Grinston heard over the radio that one of his unit's vehicles had broken down in Baiji, a strategic city due to its oil refinery, the largest in the country.
He rushed out of Forward Operating Base Summerall with a platoon to provide security. But once they got there, the stalled convoy was under attack, leaving one Soldier severely wounded.
“That was our first platoon live fire,” he said. “In the middle of the town, being shot at, and a Soldier loses a foot.”
About a month later, on April 9, 2004, Grinston and others were on a patrol through the city. This time, it felt strangely quiet. The market was closed; the streets were deserted.
It was still early in the Iraq War, and the artillerymen were unsure what it all meant.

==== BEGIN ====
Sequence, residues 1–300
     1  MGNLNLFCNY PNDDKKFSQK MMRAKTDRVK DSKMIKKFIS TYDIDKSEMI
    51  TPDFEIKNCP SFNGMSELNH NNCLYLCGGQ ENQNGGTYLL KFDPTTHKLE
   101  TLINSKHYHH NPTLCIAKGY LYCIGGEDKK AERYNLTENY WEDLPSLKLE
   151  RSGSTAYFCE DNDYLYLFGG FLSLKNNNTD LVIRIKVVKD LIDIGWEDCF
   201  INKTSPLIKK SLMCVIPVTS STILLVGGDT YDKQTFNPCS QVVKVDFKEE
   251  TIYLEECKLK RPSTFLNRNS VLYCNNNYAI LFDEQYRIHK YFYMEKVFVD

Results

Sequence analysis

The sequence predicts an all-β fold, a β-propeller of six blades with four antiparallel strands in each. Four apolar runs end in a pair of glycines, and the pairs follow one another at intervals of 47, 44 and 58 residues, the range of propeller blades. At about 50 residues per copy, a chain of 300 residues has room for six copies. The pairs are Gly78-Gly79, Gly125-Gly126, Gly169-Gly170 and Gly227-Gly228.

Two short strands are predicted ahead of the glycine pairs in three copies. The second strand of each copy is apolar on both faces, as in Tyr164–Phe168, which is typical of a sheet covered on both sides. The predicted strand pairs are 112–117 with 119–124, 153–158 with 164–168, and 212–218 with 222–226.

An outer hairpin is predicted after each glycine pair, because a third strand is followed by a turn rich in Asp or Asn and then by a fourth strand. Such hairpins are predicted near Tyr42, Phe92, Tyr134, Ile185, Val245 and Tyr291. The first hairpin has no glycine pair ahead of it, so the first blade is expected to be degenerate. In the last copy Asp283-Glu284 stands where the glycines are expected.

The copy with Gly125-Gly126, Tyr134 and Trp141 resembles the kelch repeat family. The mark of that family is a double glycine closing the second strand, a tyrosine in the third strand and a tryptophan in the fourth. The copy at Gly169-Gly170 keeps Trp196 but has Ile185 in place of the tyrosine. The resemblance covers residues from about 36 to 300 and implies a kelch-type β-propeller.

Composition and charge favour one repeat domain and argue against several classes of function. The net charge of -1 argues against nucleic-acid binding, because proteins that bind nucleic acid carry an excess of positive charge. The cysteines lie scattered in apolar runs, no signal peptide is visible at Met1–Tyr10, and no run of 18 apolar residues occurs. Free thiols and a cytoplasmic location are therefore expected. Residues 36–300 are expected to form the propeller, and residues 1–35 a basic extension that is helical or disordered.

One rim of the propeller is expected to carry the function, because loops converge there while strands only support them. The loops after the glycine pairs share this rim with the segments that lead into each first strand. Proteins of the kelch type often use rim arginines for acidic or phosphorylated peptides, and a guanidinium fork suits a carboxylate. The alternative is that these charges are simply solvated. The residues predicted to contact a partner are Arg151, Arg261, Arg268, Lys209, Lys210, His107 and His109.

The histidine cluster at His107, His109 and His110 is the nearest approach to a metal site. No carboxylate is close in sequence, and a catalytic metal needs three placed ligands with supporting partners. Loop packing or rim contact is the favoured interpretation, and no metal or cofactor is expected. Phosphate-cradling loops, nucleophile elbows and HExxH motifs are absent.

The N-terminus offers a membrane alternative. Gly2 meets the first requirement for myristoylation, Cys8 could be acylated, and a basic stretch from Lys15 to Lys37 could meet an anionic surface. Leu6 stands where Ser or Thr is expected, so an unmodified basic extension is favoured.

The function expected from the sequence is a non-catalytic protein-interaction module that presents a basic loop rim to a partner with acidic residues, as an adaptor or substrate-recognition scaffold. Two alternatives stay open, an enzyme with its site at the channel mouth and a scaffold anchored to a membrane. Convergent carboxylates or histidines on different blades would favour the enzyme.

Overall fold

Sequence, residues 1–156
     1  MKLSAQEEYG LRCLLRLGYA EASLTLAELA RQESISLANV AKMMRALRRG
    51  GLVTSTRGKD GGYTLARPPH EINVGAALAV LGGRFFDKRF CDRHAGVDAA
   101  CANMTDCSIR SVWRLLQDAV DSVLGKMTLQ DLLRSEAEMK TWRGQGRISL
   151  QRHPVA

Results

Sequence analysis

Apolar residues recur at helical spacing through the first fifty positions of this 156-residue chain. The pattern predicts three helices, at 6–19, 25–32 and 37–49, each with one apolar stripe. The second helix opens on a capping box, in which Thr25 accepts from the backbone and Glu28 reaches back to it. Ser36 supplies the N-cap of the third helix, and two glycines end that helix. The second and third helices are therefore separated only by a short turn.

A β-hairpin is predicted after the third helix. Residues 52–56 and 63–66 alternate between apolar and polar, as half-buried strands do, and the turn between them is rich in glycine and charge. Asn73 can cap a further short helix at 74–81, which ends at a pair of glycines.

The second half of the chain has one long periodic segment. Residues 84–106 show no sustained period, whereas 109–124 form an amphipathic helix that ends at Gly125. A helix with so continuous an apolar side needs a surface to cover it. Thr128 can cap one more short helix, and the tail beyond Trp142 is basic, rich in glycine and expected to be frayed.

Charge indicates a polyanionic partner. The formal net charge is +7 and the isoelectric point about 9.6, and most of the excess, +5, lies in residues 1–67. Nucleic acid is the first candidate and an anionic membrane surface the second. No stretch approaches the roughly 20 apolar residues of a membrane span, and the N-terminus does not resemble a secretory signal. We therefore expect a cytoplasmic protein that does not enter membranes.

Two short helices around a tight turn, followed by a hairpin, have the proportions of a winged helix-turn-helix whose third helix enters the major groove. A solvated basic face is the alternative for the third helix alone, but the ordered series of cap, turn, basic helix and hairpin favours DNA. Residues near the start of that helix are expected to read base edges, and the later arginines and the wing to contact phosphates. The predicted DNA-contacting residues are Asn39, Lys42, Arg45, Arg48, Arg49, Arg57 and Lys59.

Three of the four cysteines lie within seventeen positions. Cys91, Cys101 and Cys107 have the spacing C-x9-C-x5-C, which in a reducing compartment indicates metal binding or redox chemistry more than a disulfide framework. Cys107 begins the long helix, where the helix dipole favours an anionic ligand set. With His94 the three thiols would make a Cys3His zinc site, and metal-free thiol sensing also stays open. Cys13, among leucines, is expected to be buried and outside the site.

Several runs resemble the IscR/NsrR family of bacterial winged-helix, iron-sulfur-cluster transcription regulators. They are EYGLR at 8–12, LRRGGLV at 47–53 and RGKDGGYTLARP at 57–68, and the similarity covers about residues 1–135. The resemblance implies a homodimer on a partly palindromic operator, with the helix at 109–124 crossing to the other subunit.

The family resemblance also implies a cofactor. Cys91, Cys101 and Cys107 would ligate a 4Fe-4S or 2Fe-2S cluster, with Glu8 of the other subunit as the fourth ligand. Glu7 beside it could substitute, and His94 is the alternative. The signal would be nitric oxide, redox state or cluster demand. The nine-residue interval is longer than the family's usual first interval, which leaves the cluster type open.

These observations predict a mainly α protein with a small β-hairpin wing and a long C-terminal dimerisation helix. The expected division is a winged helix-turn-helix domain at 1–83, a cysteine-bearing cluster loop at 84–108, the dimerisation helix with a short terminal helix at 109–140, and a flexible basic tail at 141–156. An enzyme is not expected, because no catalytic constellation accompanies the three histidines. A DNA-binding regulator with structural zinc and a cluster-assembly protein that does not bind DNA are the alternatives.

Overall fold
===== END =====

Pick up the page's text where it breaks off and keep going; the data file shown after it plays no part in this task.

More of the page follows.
“It's as clear as day when I run it in my mind (now)," he said. "But at the time you're going from artillery and not noticing these things.”
A report then came down that insurgents were preparing to ambush the mayor's office. Grinston joined a squad-sized dismounted patrol as they headed over to investigate.
“Unfortunately, we found it,” he said of the ambush.
As the patrol turned into an alley, an insurgent in a building about 100 meters away aimed an RPG at them. The Soldiers had no idea what was about to happen.
“You can't see every window,” Grinston said. “If you just stand in the city and somebody wanted to shoot you, could you stop them? It's damn near impossible.”
The explosion instantly killed the squad leader and platoon sergeant: Staff Sgts. Raymond Jones and Toby Mallett, respectively. Spc. Peter Enos, a combat medic, would later die from his wounds. Two others were also wounded.
Grinston walked away unscathed.
“Every day I think about that. It's what makes me wake up in the morning,” he said. “When you go through something like that, it's life-changing.”